Is it time to put money on pay-as-you-live?
Money might be too tight to mention, but hopefully it's not just constrained purse strings that are fuelling a new ideology of how we buy our way through life.
According to new research, the emergences of pay-as-you-live patterns are starting to shape our lifestyle choices. Here, hire rules over ownership as we realise the benefits of sharing more - whether that's with goods, services or experiences.
Zipcar has built its business model on such a scenario - its pay-as-you-drive car club has over 731,000 members. It led on the study as it wanted to explore in more detail the factors which are powering a £22.4bn market for this sharing economy.
The findings make for some interesting reading. In the UK, more than a fifth of under 55s (6.6 million people) are hiring more now than they did a year ago. Big ticket items such as cars and holiday homes are no-brainers in this regard, but smaller purchases such as clothing, toys and art aren't being ruled out either.
It appears that purchasing decisions are being thought through more - the benefits of total cost of ownership are weighed against cost-per-use, ongoing maintenance costs, and depreciation value. The flexibility to upgrade or change styles/models is also a deciding factor in this equation.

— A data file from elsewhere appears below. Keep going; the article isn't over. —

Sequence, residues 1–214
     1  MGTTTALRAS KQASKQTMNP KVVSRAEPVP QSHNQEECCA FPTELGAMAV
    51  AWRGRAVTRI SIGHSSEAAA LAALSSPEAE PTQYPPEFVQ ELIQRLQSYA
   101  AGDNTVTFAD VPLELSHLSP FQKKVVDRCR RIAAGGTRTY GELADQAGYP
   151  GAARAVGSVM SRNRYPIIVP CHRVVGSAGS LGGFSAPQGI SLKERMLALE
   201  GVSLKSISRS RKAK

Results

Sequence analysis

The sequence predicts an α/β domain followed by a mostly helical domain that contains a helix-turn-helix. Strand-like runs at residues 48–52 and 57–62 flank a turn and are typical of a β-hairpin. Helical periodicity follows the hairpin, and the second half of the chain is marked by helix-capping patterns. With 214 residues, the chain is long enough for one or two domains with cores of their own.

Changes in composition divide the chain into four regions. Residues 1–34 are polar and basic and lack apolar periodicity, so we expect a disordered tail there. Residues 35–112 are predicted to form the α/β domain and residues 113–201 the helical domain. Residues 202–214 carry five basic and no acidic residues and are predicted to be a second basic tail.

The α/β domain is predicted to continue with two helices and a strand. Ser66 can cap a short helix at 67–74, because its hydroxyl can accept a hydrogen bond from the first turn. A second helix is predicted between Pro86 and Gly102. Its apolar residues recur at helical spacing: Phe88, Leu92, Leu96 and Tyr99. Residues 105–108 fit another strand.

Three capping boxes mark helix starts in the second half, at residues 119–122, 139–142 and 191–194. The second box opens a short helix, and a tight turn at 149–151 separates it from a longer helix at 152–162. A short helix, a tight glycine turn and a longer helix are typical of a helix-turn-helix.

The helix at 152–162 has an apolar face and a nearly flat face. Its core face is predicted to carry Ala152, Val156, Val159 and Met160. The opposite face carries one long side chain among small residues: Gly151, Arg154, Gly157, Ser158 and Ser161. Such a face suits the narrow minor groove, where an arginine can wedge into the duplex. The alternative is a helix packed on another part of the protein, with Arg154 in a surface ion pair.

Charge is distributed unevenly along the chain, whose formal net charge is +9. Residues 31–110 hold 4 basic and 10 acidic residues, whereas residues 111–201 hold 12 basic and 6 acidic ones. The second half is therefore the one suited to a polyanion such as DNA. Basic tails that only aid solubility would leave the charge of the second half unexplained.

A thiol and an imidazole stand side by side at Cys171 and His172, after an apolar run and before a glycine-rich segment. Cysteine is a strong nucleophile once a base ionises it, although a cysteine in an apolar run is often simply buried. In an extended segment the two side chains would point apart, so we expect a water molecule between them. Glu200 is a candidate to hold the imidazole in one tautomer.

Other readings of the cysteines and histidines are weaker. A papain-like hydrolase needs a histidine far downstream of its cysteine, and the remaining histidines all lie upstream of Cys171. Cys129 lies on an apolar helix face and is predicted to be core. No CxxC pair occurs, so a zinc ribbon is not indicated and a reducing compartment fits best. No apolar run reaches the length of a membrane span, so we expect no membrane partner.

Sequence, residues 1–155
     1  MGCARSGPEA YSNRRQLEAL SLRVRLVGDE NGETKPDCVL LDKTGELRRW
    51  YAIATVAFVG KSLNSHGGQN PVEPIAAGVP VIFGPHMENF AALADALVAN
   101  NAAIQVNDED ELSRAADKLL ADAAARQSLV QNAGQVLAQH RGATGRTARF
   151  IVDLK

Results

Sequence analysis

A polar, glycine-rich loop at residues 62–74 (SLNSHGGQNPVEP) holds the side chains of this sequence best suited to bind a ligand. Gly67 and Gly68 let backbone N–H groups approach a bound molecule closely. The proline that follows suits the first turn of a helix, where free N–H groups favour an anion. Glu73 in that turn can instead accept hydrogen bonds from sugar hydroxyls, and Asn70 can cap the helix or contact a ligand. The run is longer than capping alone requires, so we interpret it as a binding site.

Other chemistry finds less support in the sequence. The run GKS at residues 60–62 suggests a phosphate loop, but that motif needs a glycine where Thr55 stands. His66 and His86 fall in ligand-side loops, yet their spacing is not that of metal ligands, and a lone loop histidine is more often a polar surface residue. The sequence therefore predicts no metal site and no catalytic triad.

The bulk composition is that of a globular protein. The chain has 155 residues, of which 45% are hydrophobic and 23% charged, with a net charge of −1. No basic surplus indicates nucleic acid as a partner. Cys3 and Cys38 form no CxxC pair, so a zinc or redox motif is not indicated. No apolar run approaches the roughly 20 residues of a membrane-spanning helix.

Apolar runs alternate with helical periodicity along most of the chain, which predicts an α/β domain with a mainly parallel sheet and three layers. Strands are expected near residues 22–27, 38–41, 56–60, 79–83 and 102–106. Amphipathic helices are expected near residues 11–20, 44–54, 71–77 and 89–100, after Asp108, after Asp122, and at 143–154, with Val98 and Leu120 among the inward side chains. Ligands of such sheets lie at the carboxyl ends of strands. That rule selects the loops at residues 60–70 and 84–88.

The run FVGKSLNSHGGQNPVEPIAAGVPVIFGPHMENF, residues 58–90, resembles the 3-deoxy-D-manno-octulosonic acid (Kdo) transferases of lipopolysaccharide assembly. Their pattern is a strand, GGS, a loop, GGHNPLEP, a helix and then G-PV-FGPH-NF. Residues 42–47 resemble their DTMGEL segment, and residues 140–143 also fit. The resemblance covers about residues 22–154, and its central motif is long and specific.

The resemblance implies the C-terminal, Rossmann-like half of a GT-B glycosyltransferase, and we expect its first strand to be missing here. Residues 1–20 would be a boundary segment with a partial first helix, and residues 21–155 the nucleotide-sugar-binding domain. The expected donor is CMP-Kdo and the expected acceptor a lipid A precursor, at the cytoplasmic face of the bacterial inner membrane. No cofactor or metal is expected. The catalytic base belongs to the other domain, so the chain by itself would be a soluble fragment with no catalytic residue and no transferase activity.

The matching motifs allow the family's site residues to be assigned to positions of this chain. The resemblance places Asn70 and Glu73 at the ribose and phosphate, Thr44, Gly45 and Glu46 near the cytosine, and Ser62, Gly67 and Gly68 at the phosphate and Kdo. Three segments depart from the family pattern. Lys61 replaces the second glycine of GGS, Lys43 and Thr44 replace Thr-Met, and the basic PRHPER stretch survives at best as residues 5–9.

Sony has picked up on such themes with its Futurescapes project which looks at how we can transform our relationships with the products we buy in a bid to drive sustainable consumption. Its Wandular concept is particularly intriguing as it looks to promote product longevity - not just through leasing and reuse, but emotional attachment.
According to Sony's Wandular development partner Engage by Design, in the future consumers could purchase a single device that would evolve with them over a lifetime by increasing in emotional and personal value.
Engage by Design's founder Rodrigo Bautisa says it is about connecting with products in more meaningful ways: "We need to make things that have a longer life. For this, they need to be multi-functional, modular, beautiful and personalised."
The thinking behind Futurescapes is set against a futuristic hi-tech backdrop - pretty handy as it is the so-called digital generation that is primarily driving demand for pay-as-you-live service models.
Pippa Goodman from The Future Foundation, which maps consumer trends, says this band of tech savvy 18-54 year olds have an appetite for frequent novelty and excitement, but are also dealing with the constraints of a new financial reality.
"Empowered by technology, they are embracing the convenience of new, more flexible models of ownership," she maintains.
The beauty of this paradigm shift in thinking, away from a desire to own assets to a more collaborative wish to access services, is in the opportunities if offers around closed loop circularity. I first touched on the merits of collaborative consumption in a blog nine months ago - since then, it appears to have gained traction.maxine perella